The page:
The Importance Of Criminal Thinking According To Barbour

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One problem area we will focus on is criminal thinking. According to Barbour (n.d.) criminals often do not feel remorse for their actions. They take on the victim stance. In addition, criminals tend to exhibit the following thinking patterns; “closed channel thinking, ‘good person’ stance, ‘unique person’ stance, fear of exposure, lack-of-time perspective, selective effort, use of power to control, seek excitement first, and take an ownership stance (Barbour, n.d.).” There are several factors that can contribute to criminal thinking. These include early involvement in deviant, antisocial, and criminal conduct; having a childhood that involved neglect, abuse, and/or lack of parental attention and supervision; failure in school or work; and an early introduction to alcohol or drugs. Offenders have a high probability of recidivism if their criminal thinking is not challenged and changed. The National Institute of Justice cited one study which tracked 404,638 prisoners across 30 different states. Through this study, researchers found that once prisoners were released from prison, 56.7 percent were rearrested within the first year and 76.6 percent were rearrested within the first five years (National Institute of Justice, 2014). Due to the high probability of recidivism…show more content…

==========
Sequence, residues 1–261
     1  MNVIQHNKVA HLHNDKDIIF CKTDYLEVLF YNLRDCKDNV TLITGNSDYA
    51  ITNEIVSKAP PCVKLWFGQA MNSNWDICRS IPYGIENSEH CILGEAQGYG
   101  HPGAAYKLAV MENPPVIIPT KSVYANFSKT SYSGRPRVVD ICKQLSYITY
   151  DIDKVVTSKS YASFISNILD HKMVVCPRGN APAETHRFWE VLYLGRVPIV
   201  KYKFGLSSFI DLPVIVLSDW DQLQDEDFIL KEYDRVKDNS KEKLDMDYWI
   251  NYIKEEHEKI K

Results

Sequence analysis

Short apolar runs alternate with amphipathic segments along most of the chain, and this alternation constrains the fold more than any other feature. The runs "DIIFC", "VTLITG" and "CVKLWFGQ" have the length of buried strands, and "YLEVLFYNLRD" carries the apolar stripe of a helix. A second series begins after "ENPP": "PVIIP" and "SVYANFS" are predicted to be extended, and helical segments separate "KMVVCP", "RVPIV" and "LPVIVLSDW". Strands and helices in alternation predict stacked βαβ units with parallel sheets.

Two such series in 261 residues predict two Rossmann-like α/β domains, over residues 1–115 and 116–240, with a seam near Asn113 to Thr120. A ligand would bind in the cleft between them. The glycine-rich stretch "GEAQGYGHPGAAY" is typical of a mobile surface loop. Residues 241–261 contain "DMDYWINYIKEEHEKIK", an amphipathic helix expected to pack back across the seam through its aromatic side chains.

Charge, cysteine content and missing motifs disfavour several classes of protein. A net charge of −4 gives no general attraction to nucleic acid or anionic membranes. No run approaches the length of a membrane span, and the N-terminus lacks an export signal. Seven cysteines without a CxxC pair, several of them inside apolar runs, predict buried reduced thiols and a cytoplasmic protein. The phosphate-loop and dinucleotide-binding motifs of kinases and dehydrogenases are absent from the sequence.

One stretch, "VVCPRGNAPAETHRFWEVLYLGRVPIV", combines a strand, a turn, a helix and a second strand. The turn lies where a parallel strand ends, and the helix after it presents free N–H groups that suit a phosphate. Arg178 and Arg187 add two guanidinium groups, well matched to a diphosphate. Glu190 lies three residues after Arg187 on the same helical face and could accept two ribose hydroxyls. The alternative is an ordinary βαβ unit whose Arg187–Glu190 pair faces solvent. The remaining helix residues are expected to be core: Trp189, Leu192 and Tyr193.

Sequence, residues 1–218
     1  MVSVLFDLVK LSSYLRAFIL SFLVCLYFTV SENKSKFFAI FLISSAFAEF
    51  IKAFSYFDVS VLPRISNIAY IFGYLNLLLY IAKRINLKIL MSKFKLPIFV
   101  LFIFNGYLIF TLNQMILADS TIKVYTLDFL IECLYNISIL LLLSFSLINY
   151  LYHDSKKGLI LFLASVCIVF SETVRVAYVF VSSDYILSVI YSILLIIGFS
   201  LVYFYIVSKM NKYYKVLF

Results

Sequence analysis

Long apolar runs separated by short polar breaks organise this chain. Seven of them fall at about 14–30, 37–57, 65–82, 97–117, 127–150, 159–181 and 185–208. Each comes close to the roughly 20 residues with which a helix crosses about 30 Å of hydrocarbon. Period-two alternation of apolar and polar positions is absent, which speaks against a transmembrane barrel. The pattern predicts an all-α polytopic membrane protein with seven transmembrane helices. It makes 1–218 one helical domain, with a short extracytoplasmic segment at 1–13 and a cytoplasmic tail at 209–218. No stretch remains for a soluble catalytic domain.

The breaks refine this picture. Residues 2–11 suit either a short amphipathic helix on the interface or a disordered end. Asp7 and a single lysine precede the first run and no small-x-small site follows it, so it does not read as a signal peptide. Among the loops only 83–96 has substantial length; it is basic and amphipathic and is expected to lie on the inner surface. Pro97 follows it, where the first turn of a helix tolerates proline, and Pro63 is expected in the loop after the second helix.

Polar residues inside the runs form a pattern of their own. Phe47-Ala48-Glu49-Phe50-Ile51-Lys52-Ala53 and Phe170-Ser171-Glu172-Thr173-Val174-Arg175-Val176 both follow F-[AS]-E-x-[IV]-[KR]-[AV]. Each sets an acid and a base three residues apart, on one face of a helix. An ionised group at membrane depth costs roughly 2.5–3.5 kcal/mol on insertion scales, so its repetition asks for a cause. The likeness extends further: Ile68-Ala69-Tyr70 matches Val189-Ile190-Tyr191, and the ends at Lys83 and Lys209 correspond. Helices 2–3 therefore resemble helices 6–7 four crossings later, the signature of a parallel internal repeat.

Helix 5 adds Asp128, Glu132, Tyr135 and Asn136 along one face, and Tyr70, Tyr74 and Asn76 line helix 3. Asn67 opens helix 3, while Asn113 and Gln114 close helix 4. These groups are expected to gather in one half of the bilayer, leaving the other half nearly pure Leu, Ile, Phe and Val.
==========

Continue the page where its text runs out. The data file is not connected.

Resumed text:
According to Payne (2014), Social Learning Theory is the idea that “learning is gained by people seeing behavior going on around them and thinking about what they see” (Payne, 2014). Payne goes on to state, “most people learn practical skills or behavior by watching a demonstration of what to do and experimenting while in a supportive environment; receiving feedback and encouragement are an important part of this” (Payne, 2014). Out of the Social Learning theory, skills training programs were developed, much like the Corrective Thinking
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